High Paying Careers in Psychology

Written by lisa nielsen
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High Paying Careers in Psychology
Forensic psychologists are among the highest paid in the field. (fingerprint image by dip from Fotolia.com)

Sherlock Holmes and Dr. Watson practised forensic psychology and caught the bad guys. They paid attention to the clues and the evidence. And while the bad guys thought they were going to get away, Homes and Watson interviewed the suspects and determined their culpability. Forensic psychology may have been romanticised, but it is one of the many high-paying careers in psychology, with an average salary of about £34,775 to start and £55,900 with 20 or more years of experience.

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What Psychologists Do

No matter what the speciality, psychologists examine human mental processes and their effect on behaviour. Some work in research, where they explore human emotional and social adjustment. Others work in industry to evaluate job candidates to see if they are a good fit with the company. And others might counsel teenagers on college choices or how to abstain from drug use. Whatever the speciality, psychologists have a deep interest in what makes people tick.

Degree Requirements

High-paying careers in psychology generally require a master's or a PhD in a specialised area. For example, most school counsellors have at least a master's in guidance and counselling in order to practice in public or private schools. The American Board of Forensic Psychology offers a Diplomate in Forensic Psychology, which goes beyond a PhD in the field and provides the credentials for practicing forensic psychology in the U.S.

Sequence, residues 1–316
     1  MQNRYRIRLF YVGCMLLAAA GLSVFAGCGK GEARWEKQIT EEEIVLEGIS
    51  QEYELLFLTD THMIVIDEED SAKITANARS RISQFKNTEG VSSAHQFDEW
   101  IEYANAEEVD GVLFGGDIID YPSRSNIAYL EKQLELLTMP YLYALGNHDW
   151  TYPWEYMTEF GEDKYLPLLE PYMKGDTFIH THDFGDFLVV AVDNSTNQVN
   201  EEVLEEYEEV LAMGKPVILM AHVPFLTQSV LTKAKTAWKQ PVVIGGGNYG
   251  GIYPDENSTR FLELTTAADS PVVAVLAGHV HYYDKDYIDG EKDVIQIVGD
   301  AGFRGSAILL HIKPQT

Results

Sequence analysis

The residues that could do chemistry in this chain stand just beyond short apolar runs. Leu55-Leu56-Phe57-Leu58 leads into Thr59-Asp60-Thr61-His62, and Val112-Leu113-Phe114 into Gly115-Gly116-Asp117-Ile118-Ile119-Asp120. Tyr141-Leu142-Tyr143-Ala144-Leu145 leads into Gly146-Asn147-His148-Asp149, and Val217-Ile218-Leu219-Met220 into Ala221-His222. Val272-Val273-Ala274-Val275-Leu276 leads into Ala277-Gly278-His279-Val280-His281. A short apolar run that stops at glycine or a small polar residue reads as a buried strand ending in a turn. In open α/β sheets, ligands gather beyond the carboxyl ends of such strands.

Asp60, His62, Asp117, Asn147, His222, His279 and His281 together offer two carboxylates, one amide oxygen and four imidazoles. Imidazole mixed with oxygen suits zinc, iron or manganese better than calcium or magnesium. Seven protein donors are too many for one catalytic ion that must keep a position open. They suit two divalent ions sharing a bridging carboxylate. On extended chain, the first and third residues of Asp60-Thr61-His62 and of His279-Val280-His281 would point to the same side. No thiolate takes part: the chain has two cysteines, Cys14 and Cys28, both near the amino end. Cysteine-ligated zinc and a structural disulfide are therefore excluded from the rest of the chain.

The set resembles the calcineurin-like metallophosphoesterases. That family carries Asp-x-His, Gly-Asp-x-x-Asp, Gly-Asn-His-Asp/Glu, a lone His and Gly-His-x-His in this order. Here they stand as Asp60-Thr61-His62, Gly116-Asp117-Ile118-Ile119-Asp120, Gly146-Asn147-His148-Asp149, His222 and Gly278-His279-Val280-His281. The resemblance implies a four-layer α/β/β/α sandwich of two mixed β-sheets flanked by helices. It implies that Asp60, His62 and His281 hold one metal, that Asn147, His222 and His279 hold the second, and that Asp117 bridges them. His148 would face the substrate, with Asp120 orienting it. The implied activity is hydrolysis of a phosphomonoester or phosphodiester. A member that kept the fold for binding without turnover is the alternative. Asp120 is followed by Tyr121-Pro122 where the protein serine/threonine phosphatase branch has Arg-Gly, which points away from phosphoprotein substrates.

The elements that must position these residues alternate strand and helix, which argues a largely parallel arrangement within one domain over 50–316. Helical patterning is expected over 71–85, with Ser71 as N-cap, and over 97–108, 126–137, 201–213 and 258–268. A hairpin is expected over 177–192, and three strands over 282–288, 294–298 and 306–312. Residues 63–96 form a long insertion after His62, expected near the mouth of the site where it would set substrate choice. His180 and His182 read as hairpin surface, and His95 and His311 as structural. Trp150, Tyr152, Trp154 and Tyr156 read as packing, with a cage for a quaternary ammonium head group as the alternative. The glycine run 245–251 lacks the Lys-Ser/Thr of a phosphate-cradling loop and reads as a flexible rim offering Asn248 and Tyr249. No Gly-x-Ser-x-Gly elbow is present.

School Psychologist

In 2009, US News.com cited school psychologist as one of the best career choices, with a strong job outlook. Parents of children with special needs are increasingly active in asking for and obtaining special services for their children. Schools are also interested in issues such as school violence, substance abuse and bullying, areas where psychologists can be of great help. These psychologists need to connect well with children and their parents. The median salary with eight years in the field is £39,455.

Clinical Psychologist

Clinical psychologists are employed at medical clinics, hospitals or in group practices. These psychologists help patients deal with illnesses such as brain injuries or help ordinary people deal with emotional disorders or adjustments to new circumstances. These psychologists spend a good deal of time with patients in personal sessions or administering psychological tests. Average salaries vary widely dependent on the speciality. Paediatric clinical psychologists' and police clinical psychologists' average salary in 2008 was £42,900. Substance abuse psychologists earn £37,700.

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